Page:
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Agenda Today Quiz with two questions Spatial concepts and data models

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1 Agenda Today Quiz with two questions Spatial concepts and data models
Next class’s topic

2 Quiz Sorting is a popular method to access “traditional data” rapidly. Why is it difficult to sort spatial data? (exercise 8) E-commerce retailers reach customers allover the world via the Internet from a single facility. Some of them claim that geography and locations are irrelevant in the Internet age. What is your opinion on this issue. Justify your answer.

3 Chapter 2: Spatial Concepts and Data Models. 2. 1 Introduction. 2
Chapter 2: Spatial Concepts and Data Models Introduction 2.2 Models of Spatial Information 2.3 Three-Step Database Design 2.4 Extending ER with Spatial Concepts 2.5 Summary

4 SDBMS is valuable to many important applications
Review SDBMS is valuable to many important applications SDBMS is a software module works with an underlying DBMS provides spatial ADTs callable from a query language provides methods for efficient processing of spatial queries Components of SDBMS include spatial data model, spatial data types and operators spatial query language, processing and optimization spatial data mining SDBMS is used to store, query and share spatial data for GIS as well as other applications

5 Learning Objectives Learning Objectives (LO)
LO1: Understand concept of data models What is a data model? Why use data models? LO2 : Understand the models of spatial information LO3: Understand the 3-step design of databases LO4: Learn about the trends in spatial data models Mapping Sections to learning objectives LO LO LO , 2.4

6 What is a Data Model? What is a model? (Dictionary meaning)
A set of plans (blueprint drawing) for a building A miniature representation of a system to analyze properties of interest What is Data Model? Specify structure or schema of a data set Document description of data Facilitates early analysis of some properties e.g., querying ability, redundancy, consistency, storage space requirements, etc. Examples: GIS organize spatial set as a set of layers Databases organize dataset as a collection of tables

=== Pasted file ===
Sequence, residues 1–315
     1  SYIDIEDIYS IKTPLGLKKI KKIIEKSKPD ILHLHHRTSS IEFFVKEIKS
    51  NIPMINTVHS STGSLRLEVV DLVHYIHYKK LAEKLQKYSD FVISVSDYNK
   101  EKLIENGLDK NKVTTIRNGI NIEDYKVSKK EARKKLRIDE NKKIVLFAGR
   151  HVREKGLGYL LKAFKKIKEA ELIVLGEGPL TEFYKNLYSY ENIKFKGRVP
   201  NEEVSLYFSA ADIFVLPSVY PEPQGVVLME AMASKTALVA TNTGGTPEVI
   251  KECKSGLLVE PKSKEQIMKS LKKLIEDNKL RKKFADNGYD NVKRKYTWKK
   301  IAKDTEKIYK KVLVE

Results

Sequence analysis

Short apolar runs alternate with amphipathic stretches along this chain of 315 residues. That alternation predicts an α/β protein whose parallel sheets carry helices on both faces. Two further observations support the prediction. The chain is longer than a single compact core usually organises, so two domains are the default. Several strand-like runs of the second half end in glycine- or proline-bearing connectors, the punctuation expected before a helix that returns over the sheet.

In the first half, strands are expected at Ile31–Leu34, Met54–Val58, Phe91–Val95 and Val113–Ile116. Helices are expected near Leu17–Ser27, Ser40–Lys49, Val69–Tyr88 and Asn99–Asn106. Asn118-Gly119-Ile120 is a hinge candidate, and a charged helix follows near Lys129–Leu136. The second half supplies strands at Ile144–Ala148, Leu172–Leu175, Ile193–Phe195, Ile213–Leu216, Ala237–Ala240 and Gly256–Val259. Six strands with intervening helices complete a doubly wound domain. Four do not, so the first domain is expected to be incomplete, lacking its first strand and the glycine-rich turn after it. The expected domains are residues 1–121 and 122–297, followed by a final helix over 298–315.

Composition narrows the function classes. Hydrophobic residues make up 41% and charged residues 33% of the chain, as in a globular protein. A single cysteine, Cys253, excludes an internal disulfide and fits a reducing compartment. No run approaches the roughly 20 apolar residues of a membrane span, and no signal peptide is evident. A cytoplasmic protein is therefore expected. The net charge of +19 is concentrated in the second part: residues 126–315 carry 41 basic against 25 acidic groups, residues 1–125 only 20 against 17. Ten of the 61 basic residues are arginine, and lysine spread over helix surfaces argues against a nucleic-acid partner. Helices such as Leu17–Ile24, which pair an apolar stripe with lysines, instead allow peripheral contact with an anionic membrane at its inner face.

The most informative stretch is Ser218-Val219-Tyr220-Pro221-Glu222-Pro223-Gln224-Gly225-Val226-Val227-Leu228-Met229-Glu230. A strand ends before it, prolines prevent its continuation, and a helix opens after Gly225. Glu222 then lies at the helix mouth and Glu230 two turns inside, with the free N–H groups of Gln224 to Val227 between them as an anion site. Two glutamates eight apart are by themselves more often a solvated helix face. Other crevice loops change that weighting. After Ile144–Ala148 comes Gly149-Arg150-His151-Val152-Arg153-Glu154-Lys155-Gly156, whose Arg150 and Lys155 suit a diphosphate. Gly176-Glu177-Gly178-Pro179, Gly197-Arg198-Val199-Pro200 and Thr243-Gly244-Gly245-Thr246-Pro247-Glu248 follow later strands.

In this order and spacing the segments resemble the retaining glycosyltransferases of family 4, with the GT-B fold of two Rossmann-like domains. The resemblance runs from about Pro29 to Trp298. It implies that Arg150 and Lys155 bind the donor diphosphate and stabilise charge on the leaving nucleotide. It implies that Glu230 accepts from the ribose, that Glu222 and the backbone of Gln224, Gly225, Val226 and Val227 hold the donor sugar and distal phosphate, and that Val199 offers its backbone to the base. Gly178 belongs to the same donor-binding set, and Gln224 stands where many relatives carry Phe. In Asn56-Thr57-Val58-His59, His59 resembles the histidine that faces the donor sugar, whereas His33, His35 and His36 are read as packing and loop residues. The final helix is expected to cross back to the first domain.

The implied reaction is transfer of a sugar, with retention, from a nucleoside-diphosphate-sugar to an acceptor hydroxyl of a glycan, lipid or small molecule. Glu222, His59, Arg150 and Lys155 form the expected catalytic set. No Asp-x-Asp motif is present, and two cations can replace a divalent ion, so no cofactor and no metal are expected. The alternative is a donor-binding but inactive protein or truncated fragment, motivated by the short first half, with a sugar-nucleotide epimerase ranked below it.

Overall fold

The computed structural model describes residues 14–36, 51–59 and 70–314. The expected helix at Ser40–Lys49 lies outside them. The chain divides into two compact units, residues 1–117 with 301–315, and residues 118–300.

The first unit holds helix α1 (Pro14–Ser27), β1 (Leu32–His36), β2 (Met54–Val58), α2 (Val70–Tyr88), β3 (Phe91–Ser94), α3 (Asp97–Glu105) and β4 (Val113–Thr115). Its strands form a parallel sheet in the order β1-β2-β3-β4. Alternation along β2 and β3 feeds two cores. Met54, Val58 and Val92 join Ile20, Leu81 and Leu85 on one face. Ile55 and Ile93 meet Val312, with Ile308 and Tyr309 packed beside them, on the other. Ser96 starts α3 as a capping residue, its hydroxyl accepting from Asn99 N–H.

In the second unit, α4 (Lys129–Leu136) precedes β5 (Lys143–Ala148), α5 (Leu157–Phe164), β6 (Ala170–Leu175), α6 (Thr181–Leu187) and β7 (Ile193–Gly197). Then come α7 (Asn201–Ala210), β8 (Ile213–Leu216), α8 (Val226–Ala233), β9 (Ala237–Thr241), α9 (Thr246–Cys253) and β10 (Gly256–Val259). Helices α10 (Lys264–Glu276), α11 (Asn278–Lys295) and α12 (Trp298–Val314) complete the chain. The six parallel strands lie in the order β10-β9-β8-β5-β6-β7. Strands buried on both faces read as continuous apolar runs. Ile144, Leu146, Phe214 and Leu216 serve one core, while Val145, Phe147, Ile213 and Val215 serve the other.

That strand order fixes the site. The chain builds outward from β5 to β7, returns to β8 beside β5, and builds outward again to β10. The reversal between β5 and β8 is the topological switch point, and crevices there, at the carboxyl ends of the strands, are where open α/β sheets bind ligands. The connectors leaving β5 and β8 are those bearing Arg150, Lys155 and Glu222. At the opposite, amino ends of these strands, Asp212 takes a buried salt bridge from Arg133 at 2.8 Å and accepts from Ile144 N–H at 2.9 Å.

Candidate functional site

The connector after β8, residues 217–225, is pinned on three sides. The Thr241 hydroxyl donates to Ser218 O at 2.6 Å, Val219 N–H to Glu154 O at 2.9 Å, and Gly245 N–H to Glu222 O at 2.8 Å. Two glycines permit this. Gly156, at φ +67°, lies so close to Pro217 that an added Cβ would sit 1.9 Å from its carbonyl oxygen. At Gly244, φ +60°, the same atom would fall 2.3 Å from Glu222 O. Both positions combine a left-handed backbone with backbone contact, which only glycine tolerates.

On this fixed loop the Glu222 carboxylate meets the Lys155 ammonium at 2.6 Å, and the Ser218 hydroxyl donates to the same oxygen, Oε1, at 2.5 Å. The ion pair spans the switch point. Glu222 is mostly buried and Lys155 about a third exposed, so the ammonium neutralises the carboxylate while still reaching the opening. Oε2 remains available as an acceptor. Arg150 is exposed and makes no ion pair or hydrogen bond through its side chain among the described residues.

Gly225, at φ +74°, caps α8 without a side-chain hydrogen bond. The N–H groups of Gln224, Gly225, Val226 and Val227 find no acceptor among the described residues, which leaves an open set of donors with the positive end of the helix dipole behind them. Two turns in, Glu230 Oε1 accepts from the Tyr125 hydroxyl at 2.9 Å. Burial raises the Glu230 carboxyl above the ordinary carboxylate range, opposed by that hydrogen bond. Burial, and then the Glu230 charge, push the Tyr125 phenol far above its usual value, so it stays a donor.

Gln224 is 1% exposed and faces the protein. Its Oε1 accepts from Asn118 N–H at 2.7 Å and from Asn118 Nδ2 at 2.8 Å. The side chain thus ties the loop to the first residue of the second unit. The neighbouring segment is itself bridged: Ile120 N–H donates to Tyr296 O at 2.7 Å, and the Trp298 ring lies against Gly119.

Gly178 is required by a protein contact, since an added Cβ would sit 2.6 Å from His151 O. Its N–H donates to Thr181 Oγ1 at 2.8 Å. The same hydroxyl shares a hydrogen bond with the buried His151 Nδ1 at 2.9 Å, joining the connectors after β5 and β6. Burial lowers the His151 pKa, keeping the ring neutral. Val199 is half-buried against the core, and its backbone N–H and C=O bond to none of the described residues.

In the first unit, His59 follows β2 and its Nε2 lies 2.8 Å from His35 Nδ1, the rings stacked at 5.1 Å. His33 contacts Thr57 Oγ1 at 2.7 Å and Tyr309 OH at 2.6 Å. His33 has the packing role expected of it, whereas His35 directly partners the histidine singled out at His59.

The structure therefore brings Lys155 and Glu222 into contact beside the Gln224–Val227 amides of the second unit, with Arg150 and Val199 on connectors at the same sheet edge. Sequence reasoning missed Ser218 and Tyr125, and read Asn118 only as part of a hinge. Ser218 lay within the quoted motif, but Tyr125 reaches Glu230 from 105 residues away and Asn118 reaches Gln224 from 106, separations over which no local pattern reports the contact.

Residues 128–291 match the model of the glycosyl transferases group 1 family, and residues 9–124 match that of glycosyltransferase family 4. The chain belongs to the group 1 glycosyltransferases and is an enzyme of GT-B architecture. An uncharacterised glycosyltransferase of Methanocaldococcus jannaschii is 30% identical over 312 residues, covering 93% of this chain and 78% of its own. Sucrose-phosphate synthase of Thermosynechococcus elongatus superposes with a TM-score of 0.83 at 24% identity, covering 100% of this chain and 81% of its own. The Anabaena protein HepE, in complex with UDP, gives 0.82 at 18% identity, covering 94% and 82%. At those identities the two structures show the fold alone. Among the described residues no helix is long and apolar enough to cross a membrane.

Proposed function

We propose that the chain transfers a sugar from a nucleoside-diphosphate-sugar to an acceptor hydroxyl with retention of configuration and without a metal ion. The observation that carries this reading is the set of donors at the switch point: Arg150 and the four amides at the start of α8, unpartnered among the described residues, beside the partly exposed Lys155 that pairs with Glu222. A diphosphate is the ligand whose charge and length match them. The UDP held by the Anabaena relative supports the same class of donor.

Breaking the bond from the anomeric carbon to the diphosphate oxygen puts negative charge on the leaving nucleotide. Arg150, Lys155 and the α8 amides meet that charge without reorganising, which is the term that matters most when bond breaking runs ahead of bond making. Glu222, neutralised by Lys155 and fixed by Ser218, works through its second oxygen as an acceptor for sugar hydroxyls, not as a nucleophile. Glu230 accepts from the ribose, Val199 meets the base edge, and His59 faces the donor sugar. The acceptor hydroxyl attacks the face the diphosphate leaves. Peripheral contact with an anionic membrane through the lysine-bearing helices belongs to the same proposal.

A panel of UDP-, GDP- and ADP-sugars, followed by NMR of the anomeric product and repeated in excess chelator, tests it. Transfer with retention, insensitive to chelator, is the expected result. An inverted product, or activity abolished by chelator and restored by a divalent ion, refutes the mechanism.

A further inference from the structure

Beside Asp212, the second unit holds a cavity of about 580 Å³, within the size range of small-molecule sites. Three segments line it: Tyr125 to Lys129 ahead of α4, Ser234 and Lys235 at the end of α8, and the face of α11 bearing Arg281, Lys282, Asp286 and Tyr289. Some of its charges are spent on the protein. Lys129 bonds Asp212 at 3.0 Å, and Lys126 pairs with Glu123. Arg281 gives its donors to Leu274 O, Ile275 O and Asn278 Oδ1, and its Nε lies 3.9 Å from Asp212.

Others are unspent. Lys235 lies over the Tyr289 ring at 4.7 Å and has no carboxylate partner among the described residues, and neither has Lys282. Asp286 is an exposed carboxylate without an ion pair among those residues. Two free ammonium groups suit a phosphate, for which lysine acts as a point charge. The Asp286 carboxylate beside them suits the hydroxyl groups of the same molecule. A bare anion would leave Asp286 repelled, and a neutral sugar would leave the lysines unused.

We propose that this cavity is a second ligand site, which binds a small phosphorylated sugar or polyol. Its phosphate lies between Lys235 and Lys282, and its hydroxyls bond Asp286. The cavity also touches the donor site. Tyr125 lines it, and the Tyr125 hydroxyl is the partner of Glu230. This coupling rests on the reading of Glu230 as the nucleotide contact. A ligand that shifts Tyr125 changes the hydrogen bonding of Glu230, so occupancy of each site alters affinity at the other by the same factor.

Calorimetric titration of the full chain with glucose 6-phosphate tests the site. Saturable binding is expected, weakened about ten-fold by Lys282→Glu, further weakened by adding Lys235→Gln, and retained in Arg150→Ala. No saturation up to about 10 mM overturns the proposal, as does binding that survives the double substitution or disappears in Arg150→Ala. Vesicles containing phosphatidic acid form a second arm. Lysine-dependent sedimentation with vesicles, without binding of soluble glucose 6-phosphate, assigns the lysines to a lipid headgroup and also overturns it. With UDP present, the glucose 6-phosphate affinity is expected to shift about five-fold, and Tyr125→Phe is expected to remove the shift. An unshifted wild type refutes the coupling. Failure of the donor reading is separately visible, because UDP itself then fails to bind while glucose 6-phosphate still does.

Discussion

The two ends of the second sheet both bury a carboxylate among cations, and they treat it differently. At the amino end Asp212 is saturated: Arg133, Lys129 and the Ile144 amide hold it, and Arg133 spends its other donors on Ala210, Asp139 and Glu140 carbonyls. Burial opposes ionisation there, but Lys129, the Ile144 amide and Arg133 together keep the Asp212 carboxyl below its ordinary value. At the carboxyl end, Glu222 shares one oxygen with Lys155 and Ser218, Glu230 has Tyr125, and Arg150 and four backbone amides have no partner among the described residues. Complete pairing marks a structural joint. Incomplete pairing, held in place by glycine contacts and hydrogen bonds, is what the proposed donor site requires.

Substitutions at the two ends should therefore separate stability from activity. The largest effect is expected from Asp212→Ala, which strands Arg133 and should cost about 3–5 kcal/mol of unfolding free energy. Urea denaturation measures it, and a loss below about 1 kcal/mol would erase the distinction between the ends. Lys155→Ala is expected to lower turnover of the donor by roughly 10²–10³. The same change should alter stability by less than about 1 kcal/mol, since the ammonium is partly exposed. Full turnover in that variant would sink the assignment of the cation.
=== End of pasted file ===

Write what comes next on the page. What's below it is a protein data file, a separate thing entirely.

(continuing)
7 Why Data Models? Data models facilitate
Early analysis of properties, e.g. storage cost, querying ability, ... Reuse of shared data among multiple applications Exchange of data across organization Conversion of data to new software / environment Example- Y2K crisis for year 2000 Many computer software systems were developed without well-defined data models in 1960s and 1970s. These systems used a variety of data models for representing time and date. Some of the representations used two digits to represent years. In late 1990s, people worried that the 2 digit representation of year may lead to errorneous behavior. For example, age of a person born in 1960 (represented as 60) in year 2000 (represented as 00) may appear negative and may be flagged as illegal data item. A large amount of effort and resources (hundreds of Billions of dollars) was spent in revising the software. Proper use of data model may have significantly reduced the costs. If time and date were modeled as abstract data types in a software, only a small portion of the software implementing the date ADT had to be reviewed and revised.

8 Types of Data Models Two Types of data models Generic data models
Developed for business data processing Support simple abstract data types (ADTs), e.g. numbers, strings, date Not convenient for spatial ADTs, e.g., polygons Recall a polygon becomes dozens of rows in 3 tables (Fig. 1.4, pp. 8) Need to extend with spatial concepts, e.g., ADTs Application Domain specific, e.g. spatial models Set of concepts developed in Geographic Info. Science Common spatial ADTs across different GIS applications Plan of Study First study concepts in spatial models Then study generic model Finally put the two together

9 Mapping “census_table” into a Relational Database
Fig 1.4

10 Learning Objectives Learning Objectives (LO)